The memorial names more than 6,000 Coloradans killed in action since statehood in 1876, from the Spanish American War to the present.
“I’m so happy that Congressman Mike Coffman is willing to step forward and help, and we deeply appreciate his efforts,” Air Force veteran Rick Crandall, president of the Colorado Freedom Memorial Foundation who saw it through to creation with his wife, Diane.
Diane Crandall added, “We still need help raising money, in addition to the replacement of the panel, to cover the ongoing operations and maintenance for the memorial.”
Those who want to take advantage of Coffman’s offer, which they can still deduct on their taxes, can donate online or send a check to “Colorado Freedom Memorial,” P.O. Box 472333, Aurora, Colorado 80047-2333.
I’m proud to have served my country — but my country, or more precisely its health care system, has been falling short in recent years. The VA facilities have had well-known problems and 1.75 million veterans who rely on Medicaid for their health care are facing an uncertain future. The Affordable Care Act (ACA) clearly needs to be repealed, but a simultaneous replacement guaranteeing fair coverage must be enacted as well.
Massachusetts Rep. Seth Moulton, a rising star in the Democratic Party, this week endorsed 6th Congressional District candidate Jason Crow, calling the Denver attorney and Army Ranger veteran "an outspoken and results-oriented advocate for his fellow veterans in Colorado and across the country."
As a member of Congress, I have the unique opportunity to visit the memorials dedicated to fallen service members that are just a short distance from the Capitol building. Across the Potomac River, Arlington National Cemetery serves as the final resting place for hundreds of thousands of men and women who served in the armed services. Each day I work in Washington, I am reminded that the privilege we have of living in a free society has been paid by so many who have selflessly sacrificed their lives in service to their country. Memorial Day offers an important opportunity for us to reflect and pay our respects to those who have given all.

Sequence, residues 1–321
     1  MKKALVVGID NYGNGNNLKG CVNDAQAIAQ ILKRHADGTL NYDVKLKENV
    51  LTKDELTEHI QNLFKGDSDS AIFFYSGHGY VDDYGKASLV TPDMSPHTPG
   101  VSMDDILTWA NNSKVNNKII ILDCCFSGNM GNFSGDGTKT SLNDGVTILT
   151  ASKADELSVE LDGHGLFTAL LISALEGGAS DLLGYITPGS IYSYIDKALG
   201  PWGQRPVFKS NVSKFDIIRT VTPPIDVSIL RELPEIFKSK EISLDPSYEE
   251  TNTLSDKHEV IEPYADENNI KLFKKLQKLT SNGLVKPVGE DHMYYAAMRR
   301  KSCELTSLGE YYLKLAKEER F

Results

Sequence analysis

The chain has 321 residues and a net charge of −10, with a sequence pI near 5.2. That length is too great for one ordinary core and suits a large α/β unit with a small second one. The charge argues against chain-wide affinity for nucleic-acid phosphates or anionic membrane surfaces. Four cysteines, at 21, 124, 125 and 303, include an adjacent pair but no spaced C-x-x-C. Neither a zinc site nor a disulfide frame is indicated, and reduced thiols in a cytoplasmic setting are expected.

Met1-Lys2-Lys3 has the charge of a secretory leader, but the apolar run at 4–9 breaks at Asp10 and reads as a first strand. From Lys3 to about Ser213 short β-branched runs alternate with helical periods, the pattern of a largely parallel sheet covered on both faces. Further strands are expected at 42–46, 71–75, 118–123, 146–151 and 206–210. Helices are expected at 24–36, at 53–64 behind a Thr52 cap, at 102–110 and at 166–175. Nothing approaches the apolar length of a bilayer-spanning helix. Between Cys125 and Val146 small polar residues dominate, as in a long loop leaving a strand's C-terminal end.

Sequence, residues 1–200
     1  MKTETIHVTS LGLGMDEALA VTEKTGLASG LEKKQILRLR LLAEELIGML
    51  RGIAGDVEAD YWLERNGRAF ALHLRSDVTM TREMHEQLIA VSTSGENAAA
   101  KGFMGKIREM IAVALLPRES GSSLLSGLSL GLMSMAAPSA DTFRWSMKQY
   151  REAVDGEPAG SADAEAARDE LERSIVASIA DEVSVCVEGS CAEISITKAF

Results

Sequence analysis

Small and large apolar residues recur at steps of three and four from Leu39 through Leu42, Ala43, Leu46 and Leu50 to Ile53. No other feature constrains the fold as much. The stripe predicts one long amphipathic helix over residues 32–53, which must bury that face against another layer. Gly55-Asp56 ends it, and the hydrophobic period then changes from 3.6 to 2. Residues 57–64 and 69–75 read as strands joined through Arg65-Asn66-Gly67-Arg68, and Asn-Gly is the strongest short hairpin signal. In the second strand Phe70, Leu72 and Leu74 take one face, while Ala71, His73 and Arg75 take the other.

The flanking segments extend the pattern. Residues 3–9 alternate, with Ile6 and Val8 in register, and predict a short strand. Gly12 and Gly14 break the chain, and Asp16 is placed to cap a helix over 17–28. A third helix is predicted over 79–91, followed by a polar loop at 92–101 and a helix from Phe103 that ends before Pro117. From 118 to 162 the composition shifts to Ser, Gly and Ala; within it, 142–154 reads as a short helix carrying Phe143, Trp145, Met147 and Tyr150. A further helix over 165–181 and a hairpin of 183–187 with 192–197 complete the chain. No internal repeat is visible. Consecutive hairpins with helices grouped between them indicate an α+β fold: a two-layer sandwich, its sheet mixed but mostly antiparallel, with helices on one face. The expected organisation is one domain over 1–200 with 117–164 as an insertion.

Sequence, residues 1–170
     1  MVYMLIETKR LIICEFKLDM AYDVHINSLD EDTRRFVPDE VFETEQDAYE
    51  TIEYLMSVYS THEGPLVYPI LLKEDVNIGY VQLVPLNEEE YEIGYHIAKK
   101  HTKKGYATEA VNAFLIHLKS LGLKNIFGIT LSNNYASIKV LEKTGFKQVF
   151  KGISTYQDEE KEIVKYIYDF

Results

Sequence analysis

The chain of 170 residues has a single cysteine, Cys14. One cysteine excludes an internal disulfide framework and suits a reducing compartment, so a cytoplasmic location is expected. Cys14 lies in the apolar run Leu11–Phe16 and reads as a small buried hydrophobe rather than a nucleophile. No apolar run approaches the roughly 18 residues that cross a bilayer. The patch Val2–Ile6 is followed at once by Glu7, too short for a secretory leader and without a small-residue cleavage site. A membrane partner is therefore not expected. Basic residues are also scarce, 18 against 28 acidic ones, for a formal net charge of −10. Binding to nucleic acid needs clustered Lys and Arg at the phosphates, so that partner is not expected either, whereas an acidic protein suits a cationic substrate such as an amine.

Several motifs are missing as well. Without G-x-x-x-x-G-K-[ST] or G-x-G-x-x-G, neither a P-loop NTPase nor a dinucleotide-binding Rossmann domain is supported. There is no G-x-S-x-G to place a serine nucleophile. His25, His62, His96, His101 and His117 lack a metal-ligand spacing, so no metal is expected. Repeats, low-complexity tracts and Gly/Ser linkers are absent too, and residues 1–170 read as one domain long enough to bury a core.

Parades, mattress sales and burgers on the grill are all nice, but I feel we should do more to honor those who made the ultimate sacrifice for our country.
Ah, yes, you speak of the Memorial Day holiday, a day intended to honor the men and women who gave their lives to protect the freedoms too many Americans take for granted.
Democratic Reps. Jessie Danielson of Wheat Ridge and Barbara McLachlan of Durango got the Colorado Heroes Hunting and Fishing Act out of the House State, Veterans and Military Affairs Committee on a party-line vote Monday afternoon.
House Bill 1374 still needs to pass the House Appropriations Committee, two votes on the House floor, passage from at least one and probably two Senate committees, then score two up votes from the Republican majority on the Senate floor in the under 48 hours.
Maybe next year.
“I believe veterans who hunt and fish ought to be able do so for free – and that is why I wrote the Colorado Heroes Hunting and Fishing Act,” McLachlan said in a statement. “It’s the least we can do for Coloradans who stepped up to defend our freedoms.”
Danielson said the state owes a debt to those who served the country and put their lives on the line.
“In a state as beautiful as Colorado, one of the things we can do to honor the service of those who put their lives on the line for us is give veterans free access to hunt and fish,” she said.
Saluting the military is hard to argue against, but it’s not cheap.
Try on $1.6 million a year, according to legislative analyst’s report on the bill between licenses that aren’t purchased and federal matching money for outdoors programs.
Fees on hunters and anglers haven’t gone up since 2005, and the Division of Colorado Parks and Wildlife is looking for ways raise money to keep some areas open to outdoorsmen, to maintain species management programs and staff.
House Bill 1374, which was killed last week, would have ended free licenses for senior citizens.
The Division of Parks and Wildlife doesn’t get a direct appropriation from the legislature and can only spend what it generates in fees.
Bob Broscheid, the agency’s director, said higher fees were needed to stave off cuts, not expand the department.
Since 2005, because of inflation and recession, the agency has trimmed about $40 million and 50 full-time positions from its budget, he said.
“This is just to maintain what we’re currently doing today,” Broscheid told the committee that turned him down last Thursday. “We simply will not be able to fund those current programs at 2005 prices.”